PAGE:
Mueller has two moments in video below that will always live on in Red Sox history, but my zillenial self didn’t know just how good he was in Boston until this article. In three seasons in Boston, he hit almost half of his career home runs, and had his highest-ever batting average (.326 in 2003, which led the Bigs), RBI total (85 in 2003), and earned a reputation for consistency. Having a reputation for beating one of the most elite closers in Major League history is a big leg up too. Mueller obviously has a World Series to his name, but an OPS+ of 119 makes a world of difference in beating out other Missouri natives here.


Pitcher: Smoky Joe Wood

I’m half convinced Smoky Joe isn’t real. An ERA+ of 149 as a starter in 7 seasons pitched in Boston, a 1.99 ERA, 986 strikeouts, and a 34-win season in 1912, I genuinely can’t believe these numbers. And yet, they’re real. It wasn’t even close. For a few seasons, Wood was one of the best pitchers in all of baseball. He won the World Series twice in Boston, and three times overall, he’s in the Red Sox Hall of Fame, he’s the best choice for the Show-Me State on the bump.


Smoky Joe Wood Photo by Heritage Art/Heritage Images via Getty Images


Batter: Wade Boggs

I’ll talk about another Red Sox turned Yankee in the state below, but Boggs was genuinely one of the most spectacular hitters to put on a Red Sox uniform. The Omaha native won five batting titles, including four straight from 1985-1988, was a 12-time consecutive All-Star, a 10-time Silver Slugger award winner, and overall, one of the best contact hitters in MLB history. With an OPS+ of 142 in his time in Boston, it’s not even a question as to why his number is retired and his name is in the Baseball Hall of Fame. The Chicken Man was a legend off the field as well, with the story of his 73-beer flight that turned into 107 by the end of the night and his superstition of eating chicken before every game; Boggs is just a character. I can’t blame Boggs for the circumstances in which he left Boston for the Bronx, though we all can be bitter about the success he continued to have. Even still, he far and away clears the top of the list for Nebraska.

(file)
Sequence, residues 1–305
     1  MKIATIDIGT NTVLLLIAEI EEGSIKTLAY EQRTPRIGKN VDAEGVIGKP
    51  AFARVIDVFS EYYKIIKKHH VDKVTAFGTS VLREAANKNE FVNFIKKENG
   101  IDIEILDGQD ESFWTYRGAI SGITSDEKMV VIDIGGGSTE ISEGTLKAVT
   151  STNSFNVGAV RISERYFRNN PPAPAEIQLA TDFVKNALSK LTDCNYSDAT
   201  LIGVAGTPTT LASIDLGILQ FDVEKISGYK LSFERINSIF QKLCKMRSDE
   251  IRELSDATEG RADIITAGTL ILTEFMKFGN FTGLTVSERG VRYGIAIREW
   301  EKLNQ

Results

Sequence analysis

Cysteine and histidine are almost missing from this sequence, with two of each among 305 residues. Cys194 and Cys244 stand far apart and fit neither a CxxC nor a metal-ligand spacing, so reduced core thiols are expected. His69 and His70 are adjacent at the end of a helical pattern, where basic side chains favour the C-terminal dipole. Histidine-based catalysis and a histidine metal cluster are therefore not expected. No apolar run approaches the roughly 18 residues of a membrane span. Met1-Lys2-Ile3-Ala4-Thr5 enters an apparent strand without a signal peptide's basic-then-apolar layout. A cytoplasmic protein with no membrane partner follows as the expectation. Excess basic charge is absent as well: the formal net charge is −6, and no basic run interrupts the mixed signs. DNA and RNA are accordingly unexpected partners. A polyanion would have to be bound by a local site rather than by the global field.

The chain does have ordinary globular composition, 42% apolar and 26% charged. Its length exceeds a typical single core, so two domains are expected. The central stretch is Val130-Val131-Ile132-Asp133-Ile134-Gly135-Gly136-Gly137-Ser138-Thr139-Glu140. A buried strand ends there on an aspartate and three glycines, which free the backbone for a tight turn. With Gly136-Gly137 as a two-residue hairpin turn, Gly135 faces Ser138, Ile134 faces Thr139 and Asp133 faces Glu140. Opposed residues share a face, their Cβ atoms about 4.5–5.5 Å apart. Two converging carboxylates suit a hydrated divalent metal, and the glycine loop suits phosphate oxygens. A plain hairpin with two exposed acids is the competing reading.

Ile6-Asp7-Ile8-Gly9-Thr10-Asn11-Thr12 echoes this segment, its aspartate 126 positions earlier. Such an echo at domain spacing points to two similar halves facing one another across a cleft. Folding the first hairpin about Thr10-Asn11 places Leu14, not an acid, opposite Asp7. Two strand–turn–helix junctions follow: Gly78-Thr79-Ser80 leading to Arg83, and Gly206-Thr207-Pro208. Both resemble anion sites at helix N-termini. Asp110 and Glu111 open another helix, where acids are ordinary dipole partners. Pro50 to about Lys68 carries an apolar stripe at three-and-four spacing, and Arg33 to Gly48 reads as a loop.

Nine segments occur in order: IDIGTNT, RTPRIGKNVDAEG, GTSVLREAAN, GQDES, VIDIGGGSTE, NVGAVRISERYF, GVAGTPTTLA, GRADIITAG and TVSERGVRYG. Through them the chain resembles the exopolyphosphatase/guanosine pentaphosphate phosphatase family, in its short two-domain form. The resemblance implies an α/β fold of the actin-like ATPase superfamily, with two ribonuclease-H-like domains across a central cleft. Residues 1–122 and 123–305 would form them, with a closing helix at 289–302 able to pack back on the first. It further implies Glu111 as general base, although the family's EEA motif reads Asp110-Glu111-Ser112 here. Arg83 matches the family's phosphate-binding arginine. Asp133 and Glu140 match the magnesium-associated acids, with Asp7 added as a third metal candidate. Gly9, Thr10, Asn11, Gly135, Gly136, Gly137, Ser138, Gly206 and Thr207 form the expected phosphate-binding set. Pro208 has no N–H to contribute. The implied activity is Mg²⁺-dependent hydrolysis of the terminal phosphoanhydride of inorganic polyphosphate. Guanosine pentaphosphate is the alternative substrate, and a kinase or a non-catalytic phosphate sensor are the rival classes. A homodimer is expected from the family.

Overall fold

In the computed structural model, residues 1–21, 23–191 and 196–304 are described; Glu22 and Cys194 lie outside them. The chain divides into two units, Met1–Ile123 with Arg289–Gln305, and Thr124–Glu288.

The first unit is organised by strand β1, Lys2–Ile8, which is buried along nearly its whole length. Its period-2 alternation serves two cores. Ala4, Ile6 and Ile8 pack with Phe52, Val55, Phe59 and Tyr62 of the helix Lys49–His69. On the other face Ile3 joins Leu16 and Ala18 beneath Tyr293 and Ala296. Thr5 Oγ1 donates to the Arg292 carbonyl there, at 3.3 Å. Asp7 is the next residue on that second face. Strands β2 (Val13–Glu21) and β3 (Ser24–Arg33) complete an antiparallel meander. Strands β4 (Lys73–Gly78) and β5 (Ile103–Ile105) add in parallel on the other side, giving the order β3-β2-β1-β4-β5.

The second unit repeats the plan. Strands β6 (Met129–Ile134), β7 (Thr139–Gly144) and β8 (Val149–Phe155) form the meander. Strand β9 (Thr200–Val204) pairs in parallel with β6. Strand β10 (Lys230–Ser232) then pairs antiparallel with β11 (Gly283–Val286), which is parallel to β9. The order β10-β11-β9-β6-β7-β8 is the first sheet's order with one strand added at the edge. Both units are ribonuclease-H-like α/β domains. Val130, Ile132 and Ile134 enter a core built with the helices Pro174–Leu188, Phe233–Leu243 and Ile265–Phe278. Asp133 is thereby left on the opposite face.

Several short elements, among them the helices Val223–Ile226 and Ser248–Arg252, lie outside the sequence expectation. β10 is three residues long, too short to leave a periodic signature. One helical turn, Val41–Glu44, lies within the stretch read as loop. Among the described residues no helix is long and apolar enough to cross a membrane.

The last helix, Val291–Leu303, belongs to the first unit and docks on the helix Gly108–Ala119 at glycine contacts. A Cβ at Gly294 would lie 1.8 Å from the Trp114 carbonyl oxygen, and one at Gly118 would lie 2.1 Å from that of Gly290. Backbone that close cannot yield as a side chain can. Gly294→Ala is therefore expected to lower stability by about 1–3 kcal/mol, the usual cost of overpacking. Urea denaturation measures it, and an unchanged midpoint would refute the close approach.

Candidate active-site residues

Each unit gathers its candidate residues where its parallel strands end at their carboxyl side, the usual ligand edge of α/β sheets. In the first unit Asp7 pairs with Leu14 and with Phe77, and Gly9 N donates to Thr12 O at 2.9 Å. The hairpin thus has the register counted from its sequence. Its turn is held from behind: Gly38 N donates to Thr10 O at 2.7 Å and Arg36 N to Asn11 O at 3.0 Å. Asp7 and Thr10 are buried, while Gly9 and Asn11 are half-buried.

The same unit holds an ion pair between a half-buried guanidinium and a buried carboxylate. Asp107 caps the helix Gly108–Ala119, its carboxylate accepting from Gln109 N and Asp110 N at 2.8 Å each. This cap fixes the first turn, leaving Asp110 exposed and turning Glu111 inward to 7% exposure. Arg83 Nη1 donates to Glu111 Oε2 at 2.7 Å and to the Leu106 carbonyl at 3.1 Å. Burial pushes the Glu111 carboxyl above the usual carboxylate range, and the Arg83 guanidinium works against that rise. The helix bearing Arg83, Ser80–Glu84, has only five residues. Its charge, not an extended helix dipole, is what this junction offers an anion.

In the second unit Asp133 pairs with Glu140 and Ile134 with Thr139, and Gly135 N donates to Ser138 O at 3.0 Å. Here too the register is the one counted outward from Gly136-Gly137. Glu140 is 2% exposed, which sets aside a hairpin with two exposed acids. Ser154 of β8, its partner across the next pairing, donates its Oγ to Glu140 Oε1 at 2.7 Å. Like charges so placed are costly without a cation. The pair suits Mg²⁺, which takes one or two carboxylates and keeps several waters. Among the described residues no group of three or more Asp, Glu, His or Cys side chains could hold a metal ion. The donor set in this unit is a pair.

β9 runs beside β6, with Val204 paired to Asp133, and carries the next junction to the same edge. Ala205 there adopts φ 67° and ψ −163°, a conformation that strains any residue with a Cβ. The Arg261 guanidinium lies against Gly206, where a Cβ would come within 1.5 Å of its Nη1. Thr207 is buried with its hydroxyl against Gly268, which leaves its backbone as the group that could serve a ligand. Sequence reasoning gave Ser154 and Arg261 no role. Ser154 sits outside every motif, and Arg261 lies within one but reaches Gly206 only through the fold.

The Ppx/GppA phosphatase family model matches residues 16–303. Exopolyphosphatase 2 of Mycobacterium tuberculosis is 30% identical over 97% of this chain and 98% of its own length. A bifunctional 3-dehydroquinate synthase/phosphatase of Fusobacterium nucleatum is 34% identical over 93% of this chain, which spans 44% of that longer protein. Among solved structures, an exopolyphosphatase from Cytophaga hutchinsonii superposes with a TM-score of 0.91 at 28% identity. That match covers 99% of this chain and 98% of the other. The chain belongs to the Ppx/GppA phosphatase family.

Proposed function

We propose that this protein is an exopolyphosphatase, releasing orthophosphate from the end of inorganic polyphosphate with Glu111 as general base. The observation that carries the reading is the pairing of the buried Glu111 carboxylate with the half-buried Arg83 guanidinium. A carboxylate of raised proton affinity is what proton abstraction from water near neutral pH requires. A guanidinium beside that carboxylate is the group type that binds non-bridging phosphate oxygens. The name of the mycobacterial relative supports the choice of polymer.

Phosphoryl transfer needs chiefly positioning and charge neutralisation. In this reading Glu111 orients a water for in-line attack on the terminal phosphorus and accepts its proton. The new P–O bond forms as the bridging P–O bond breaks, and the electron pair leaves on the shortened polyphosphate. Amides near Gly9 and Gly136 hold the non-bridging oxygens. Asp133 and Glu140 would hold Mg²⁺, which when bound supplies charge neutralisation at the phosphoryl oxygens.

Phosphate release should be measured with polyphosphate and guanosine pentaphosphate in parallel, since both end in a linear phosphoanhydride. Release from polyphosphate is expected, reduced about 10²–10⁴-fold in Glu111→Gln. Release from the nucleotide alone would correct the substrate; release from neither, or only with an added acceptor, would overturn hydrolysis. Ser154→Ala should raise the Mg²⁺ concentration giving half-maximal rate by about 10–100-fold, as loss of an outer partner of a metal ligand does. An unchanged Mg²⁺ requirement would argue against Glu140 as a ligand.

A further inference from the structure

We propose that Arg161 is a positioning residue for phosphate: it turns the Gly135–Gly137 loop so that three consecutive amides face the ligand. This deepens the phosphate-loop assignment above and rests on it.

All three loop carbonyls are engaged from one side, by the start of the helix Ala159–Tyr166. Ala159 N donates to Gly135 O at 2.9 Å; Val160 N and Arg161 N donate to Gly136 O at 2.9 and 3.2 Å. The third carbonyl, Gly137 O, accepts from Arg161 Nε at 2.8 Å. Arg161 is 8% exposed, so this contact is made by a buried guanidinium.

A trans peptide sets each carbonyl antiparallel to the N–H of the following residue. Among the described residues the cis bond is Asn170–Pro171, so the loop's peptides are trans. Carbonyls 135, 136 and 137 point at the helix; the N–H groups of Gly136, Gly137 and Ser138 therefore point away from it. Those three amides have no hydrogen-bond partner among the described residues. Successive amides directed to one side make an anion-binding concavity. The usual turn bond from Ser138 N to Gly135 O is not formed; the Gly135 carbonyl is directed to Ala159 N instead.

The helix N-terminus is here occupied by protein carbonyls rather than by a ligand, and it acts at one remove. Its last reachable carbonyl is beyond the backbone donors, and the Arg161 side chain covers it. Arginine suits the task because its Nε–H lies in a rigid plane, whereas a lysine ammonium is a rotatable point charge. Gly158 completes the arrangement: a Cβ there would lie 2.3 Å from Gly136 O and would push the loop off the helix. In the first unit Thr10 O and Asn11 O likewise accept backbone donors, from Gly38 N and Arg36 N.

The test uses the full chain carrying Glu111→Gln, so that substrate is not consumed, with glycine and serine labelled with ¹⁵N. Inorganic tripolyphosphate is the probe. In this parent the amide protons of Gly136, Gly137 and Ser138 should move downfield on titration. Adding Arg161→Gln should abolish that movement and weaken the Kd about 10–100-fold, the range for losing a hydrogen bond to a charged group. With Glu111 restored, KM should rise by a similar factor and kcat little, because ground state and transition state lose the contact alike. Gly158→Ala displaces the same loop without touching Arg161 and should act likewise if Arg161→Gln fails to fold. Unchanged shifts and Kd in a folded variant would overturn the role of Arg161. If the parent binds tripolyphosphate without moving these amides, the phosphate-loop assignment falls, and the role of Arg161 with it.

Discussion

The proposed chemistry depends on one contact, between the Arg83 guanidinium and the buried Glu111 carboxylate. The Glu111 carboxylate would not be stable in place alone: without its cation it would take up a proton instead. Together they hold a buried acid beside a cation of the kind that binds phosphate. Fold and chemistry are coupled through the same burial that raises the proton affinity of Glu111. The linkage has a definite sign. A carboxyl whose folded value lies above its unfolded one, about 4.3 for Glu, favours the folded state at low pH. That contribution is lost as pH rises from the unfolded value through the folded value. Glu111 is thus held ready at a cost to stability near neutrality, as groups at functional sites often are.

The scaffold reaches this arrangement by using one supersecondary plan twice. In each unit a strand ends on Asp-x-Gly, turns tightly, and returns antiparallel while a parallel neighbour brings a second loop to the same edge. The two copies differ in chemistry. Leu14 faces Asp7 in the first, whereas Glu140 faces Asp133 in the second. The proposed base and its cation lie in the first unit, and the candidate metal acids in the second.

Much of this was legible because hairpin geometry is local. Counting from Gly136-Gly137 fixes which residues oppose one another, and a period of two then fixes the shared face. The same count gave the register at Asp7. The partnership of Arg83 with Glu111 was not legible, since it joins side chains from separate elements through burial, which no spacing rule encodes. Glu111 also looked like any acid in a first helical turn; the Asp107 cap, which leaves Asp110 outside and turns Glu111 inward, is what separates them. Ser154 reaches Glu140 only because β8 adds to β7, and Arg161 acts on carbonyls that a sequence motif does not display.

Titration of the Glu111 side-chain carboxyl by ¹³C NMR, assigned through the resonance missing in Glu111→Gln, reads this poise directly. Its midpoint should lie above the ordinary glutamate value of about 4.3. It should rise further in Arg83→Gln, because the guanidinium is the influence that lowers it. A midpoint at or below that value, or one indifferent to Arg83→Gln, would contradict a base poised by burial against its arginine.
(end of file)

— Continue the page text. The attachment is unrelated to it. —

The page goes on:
Pitcher: Jake Diekman

...why? Well, he’s the only other pitcher other than Kip Gross and Diekman was better than Gross, that’s why. Frankly, the Wymore didn’t do a terrible job for parts of his time in Boston, even in part of the closer-by-committee role. Did his trade to the White Sox end up making the Red Sox better? I think Resse McGuire has paid off more for the Red Sox than Diekman did. Still, Diekman has to be the Nebraska representative here.



Batter: Johnny Damon

Oh, Jonny D. He was a hero who lived long enough to see himself become a villain. Even still, his legacy with the Red Sox is hard to match. An OPS+ of 108, Damon leads Kansas natives in RBI, HRs, stolen base (by a very large amount), and games played in Boston. Though a military brat who really settled in Florida (see my Carlton Fisk argument again, and Clemens above), Damon was a premier leadoff hitter in 2004, scoring the second most runs in the league. Frankly, 2004 was a career year for Damon in RBI as well, with 94. A World Series ring doesn’t hurt either. Then he did the unthinkable and signed with the Evil Empire. I still have memories of my little brother unscrewing a Johnny Damon baseball card from a plaque and ripping it, he was so torn up about it. Damon did prosper with another World Series with the Yankees, and then time caught up wth him for the last few seasons of his MLB career.


Pitcher: Mike Torrez